Addiction began being conceptualized as an attachment-related disorder as early as 2001. Research in this area gave additional credibility to the community model of treating addictions and has fostered further efforts to be devoted to cultivating effective group therapy and community-based models of care for people with addictions. In short, attachment is an emotional and biological process of being able to connect meaningfully and effectively with other humans that begins in infancy. Every person experiences ruptures to their attachment process which when appropriately repaired provide foundations for trust, resilience, and strengthened connection. Through using, we are treating our attachment wounds that were never appropriately repaired with our drugs of choice, which provides us with significant relief in the beginning, but only leads inevitably to consequences and unmanageability. This is seen in the “relationship” one has with their drug of choice. It is essentially a toxic false representation of a secure attachment.
Community-based models of care and 12 step communities provide a platform for fostering genuine secure attachment, or in other words, connection. Connection and abstinence from substances are the cornerstones of a healthy recovery process. As we all know, early recovery, relationships are messy! Early recovery is often characterized by “bad” decisions that get converted into productive growing experiences. A fight with a friend that when mended makes the relationships stronger or a slip into old behaviors that gets called out by a sponsor resulting in a heightened sense of trust in that sponsor. These are corrective emotional experiences that begin to heal past attachment wounds and create the basis for authentic and genuine connection.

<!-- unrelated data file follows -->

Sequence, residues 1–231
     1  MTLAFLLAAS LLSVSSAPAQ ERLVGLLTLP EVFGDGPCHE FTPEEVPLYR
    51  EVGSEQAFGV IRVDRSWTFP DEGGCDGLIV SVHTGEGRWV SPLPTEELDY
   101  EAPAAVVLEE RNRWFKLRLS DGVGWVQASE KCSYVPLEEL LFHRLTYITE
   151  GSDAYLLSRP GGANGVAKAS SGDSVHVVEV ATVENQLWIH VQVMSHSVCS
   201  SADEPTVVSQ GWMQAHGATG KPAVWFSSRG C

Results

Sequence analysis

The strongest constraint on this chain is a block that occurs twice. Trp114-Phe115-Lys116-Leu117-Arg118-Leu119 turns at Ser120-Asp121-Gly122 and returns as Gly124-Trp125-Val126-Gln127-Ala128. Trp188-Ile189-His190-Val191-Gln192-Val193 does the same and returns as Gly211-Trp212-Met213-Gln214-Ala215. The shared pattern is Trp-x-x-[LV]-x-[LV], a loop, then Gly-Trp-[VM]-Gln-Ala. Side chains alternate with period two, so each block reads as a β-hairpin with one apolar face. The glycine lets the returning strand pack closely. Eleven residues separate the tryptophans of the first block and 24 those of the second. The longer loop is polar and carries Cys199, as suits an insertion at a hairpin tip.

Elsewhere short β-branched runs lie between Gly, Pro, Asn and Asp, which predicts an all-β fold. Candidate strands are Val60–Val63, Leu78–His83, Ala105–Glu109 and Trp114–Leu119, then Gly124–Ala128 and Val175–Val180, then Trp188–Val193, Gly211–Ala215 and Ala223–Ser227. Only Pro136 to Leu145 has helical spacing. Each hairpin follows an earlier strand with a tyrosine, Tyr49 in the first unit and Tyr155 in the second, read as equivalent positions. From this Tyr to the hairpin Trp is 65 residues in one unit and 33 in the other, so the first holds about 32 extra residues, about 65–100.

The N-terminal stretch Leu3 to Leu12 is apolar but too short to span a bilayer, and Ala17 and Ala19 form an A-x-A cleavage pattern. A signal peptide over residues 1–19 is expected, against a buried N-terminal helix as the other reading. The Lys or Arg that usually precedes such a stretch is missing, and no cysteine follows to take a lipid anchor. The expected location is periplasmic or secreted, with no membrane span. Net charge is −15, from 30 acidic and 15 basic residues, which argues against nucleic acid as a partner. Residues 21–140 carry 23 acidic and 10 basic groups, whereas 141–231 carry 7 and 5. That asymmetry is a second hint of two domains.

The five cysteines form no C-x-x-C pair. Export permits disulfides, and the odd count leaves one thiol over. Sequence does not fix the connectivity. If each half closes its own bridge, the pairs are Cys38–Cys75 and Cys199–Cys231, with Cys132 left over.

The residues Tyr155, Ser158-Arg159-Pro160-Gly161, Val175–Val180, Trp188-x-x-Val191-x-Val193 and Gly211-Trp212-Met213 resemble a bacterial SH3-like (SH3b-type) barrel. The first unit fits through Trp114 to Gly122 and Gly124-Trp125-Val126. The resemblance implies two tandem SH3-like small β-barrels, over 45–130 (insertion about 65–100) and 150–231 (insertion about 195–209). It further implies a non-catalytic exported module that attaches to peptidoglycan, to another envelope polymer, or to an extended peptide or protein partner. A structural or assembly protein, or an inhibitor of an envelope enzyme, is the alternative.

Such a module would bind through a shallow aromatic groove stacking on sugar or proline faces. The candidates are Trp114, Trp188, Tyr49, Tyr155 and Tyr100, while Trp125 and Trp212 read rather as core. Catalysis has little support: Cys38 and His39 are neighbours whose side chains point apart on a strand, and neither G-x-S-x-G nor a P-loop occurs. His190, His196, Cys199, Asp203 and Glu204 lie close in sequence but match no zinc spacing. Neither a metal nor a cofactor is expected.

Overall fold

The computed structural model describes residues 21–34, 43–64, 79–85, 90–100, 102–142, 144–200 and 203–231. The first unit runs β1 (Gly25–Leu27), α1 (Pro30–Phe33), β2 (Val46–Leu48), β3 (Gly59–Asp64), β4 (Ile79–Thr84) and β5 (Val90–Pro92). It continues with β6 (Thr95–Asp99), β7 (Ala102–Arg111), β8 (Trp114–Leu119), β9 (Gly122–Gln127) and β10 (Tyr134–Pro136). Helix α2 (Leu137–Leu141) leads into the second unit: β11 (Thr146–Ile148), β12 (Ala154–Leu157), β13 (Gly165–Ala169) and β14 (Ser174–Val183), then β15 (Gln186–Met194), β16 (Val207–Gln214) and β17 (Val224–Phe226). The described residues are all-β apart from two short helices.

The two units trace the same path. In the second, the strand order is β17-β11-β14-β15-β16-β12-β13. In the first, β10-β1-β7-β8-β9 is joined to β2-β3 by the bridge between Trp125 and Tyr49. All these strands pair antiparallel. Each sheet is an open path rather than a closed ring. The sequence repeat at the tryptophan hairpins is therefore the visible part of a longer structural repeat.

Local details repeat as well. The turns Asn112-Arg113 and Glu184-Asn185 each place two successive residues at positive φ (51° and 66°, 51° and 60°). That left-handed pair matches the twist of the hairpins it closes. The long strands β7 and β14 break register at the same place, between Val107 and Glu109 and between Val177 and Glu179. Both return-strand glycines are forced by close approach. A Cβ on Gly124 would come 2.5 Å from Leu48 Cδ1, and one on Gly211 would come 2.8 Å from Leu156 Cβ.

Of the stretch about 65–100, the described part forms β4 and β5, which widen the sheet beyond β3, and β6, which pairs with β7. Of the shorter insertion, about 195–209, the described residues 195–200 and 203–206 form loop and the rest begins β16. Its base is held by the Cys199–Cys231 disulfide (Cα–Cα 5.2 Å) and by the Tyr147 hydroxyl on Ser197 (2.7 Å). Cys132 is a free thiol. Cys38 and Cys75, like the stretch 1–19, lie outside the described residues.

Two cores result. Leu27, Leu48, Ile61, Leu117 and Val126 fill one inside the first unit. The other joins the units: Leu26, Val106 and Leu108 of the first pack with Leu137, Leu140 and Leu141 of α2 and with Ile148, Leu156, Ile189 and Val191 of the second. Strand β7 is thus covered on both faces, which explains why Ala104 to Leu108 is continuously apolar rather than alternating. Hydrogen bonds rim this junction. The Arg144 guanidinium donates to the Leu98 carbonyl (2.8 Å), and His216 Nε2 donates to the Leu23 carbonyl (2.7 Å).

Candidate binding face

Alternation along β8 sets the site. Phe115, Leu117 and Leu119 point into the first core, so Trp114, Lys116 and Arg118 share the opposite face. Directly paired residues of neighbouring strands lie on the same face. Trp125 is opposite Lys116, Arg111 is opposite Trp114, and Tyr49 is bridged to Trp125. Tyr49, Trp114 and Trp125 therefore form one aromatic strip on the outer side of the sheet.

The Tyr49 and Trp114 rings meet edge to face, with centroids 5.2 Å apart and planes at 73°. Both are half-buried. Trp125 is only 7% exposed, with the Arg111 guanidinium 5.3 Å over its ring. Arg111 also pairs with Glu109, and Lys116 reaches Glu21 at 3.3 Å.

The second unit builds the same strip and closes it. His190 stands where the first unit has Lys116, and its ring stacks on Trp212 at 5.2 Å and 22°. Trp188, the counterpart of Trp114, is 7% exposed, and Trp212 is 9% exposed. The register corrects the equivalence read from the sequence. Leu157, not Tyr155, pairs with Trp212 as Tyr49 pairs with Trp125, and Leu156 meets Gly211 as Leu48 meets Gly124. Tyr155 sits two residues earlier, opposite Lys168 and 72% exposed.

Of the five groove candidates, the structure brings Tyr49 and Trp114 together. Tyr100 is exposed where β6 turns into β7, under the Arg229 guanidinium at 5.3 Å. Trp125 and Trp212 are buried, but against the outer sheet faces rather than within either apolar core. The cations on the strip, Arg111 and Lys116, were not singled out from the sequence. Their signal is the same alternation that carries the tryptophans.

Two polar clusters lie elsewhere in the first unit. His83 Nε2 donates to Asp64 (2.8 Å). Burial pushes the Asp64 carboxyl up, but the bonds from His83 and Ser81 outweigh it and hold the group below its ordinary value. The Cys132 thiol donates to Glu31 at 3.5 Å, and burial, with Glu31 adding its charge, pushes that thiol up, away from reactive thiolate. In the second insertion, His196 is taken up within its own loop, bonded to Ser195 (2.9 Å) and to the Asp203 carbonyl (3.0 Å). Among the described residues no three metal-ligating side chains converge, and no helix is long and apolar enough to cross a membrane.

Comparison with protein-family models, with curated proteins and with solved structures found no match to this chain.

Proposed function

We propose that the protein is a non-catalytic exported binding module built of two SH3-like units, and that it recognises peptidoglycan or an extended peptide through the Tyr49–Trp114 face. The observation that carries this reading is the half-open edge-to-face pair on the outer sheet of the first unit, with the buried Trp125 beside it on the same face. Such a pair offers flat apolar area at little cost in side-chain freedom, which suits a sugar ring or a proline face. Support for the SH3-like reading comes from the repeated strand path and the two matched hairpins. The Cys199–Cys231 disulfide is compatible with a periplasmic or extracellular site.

At Alpha 180 we strive to embrace the messiness of early recovery in order to capitalize on the potential for corrective emotional experiences. We were founded on the principle of being a platform for inspired students and not a containment facility. We know that our students, like all people, are going to struggle, make “bad” decisions, and mistakes. Granted, physical safety and sobriety are paramount, but beyond this, we embrace our student’s “getting into trouble safely”. This messiness is the very fertilizer that healthy and sustainable recoveries grow from. The results are evident in the lives of our graduates. Young men who have established foundations in recovery, are pursuing their education and career goals, and have genuine and authentic connections with their community and family. Through an open community model of care and a position of unconditional positive regard, we assist our students in converting the natural messiness of life into inspirational milestones on their paths to freedom.
Flores, P. (2001). Addiction as an attachment disorder: implications for group therapy. International Journal of Group Psychotherapy.